MINNEAPOLIS (AP) — In a story May 31 about student activists at the University of Minnesota trying to reinstate a medical school fellowship in reproductive health, The Associated Press, relying on information from the Minnesota Daily, erroneously reported that fellows would have worked at Planned Parenthood after the fellowship ended. They would have worked there during the fellowship.
A corrected version of the story is below:
Students, anti-abortion group at odds over fellowship
Student activists at the University of Minnesota are trying to reinstate a medical school fellowship in reproductive health that the school has delayed following opposition from anti-abortion groups
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MINNEAPOLIS (AP) — Student activists at the University of Minnesota are trying to reinstate a medical school fellowship in reproductive health that the school has delayed following opposition from anti-abortion groups.
University officials announced this month that the fellowship would be delayed for a year as they examine the value of the training. The program was scheduled to begin this fall.
Students from the Minnesota Student Association and Professional Student Government launched a petition last week addressed to university President Eric Kaler and medical school Dean Jakub Tolar, Minnesota Daily reported.
“Our hope is that our voices are heard loud and clear to administration . due to the thousands of students that indicated concern on the petition,” Trish Palermo, outgoing undergraduate student body president and co-author of the petition.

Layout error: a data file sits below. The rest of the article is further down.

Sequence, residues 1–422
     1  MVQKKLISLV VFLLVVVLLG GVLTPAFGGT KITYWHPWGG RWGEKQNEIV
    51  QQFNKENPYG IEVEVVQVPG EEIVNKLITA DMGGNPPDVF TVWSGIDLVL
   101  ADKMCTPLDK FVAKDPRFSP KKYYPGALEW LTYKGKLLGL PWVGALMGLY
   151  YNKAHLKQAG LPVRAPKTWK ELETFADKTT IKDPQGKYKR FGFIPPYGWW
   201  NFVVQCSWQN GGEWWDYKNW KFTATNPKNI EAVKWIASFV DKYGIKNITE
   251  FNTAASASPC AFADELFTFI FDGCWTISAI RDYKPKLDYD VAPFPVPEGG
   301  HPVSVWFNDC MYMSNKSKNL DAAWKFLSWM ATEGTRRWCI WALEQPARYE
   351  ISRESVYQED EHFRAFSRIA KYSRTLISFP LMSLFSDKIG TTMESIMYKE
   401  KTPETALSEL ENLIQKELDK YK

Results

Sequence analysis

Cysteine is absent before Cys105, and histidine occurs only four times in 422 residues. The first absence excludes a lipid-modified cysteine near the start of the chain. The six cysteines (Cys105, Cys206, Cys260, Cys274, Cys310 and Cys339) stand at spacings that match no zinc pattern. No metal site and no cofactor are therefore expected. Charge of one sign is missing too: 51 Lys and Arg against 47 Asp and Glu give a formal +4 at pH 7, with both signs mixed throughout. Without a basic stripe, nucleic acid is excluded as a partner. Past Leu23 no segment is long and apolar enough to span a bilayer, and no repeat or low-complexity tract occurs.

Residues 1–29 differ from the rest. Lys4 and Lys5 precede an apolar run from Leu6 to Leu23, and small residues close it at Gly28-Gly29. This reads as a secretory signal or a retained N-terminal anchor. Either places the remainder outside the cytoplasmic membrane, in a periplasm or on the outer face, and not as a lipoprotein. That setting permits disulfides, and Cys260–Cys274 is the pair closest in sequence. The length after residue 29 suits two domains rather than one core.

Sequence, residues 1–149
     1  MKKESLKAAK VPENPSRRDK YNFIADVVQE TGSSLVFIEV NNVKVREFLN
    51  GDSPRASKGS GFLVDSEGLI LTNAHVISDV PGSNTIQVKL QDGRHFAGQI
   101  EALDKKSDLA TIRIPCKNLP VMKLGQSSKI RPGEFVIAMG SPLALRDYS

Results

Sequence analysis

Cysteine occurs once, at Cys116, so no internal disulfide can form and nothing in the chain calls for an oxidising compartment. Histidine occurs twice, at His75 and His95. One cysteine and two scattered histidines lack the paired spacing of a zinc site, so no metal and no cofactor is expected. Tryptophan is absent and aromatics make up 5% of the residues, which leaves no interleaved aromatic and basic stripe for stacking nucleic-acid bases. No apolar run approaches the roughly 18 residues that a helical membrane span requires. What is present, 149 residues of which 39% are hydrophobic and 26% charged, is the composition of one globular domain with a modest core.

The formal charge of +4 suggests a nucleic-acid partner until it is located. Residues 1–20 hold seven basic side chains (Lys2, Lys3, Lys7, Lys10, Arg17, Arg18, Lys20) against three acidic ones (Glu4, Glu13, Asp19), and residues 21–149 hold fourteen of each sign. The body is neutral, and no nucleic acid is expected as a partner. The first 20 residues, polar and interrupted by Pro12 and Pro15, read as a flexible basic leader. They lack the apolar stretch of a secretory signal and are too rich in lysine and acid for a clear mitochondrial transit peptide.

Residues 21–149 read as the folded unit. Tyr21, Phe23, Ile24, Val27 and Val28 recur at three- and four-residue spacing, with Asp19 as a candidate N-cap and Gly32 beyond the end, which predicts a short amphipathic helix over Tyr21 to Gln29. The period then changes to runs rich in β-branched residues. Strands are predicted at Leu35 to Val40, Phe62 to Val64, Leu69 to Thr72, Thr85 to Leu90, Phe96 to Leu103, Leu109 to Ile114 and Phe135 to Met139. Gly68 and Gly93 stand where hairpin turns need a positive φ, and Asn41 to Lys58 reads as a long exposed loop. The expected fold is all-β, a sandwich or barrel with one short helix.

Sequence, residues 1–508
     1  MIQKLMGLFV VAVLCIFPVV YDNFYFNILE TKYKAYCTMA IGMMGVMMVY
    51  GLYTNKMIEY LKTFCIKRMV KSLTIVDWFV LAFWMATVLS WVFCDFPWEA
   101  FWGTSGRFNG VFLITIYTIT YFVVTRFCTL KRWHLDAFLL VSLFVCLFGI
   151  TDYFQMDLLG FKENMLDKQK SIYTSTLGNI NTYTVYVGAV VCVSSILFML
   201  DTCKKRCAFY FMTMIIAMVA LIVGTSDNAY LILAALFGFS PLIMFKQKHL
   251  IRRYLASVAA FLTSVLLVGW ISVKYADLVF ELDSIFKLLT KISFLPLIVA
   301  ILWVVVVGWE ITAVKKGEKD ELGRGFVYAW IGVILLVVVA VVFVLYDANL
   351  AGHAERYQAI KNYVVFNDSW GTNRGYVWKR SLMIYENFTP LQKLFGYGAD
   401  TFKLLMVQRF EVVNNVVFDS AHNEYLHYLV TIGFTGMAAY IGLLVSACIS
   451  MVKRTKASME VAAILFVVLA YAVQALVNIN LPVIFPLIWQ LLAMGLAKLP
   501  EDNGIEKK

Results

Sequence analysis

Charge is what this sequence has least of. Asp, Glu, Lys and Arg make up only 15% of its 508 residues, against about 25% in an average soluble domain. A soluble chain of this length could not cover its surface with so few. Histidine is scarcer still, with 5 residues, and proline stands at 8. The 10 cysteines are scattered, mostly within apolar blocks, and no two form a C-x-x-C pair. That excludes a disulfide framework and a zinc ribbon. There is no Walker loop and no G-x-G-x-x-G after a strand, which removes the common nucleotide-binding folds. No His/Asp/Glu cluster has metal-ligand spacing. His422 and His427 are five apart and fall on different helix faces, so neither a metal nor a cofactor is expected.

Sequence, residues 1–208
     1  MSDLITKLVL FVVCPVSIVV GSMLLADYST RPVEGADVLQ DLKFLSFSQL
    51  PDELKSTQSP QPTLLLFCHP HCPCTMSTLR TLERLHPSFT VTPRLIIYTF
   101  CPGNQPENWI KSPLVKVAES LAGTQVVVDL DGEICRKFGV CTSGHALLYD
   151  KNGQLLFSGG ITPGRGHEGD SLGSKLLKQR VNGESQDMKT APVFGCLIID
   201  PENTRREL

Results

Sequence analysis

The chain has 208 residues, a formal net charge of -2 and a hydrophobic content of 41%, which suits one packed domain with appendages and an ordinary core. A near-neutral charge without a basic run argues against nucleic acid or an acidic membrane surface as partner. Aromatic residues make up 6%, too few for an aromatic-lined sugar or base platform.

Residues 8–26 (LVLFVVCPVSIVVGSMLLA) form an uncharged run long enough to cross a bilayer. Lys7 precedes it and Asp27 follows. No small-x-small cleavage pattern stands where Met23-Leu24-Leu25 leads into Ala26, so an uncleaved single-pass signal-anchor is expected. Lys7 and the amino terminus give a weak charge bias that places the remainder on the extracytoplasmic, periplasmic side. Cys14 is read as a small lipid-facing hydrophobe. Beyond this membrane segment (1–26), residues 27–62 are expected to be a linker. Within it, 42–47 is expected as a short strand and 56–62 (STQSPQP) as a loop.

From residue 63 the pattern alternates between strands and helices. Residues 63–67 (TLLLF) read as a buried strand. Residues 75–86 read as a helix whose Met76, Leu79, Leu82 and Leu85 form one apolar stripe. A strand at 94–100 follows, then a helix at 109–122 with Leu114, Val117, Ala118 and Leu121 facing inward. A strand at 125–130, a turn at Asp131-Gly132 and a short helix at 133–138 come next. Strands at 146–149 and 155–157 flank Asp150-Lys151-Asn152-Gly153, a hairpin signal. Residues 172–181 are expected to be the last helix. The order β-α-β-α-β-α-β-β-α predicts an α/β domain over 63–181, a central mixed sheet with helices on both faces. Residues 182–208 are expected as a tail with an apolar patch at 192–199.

The Reproductive Health Access Project would’ve funded the fellowship, said Lisa Maldonado, RHAP’s executive director. Fellows would have worked at Planned Parenthood in St. Paul and then been encouraged to remain in reproductive health care after completing the fellowship.
Opposition to the fellowship began after an article was published in Campus Reform, a conservative higher education news source, according to a university spokesman.
An anti-abortion advocacy group called Minnesota Citizens Concerned for Life contacted Kaler and state legislators to express concern about the fellowship after the article’s publishing. The group said it was concerned the fellowship would promote abortions.
The petition accuses the university of giving in to pressure from lawmakers who threatened to pull funding if the institution didn’t remove the fellowship. The petition said that the university as a public institution shouldn’t let partisan politics influence educational programs.
“The Medical School did not make this decision alone,” the university wrote in a statement. “The decision was made by President (Kaler) and his senior advisers at a critical point in the legislative session with the threat of elimination of the university’s bonding request.”
Gov. Mark Dayton signed the bonding bill Wednesday. It provides the university with $80 million in funding for infrastructure projects on all five campuses.
Five Republican state senators have introduced a new bill that would prohibit the university’s Board of Regents from supporting fellowships that provide “training, advocacy or education related to abortions.” It will be reintroduced for consideration next February since it’s late in the session.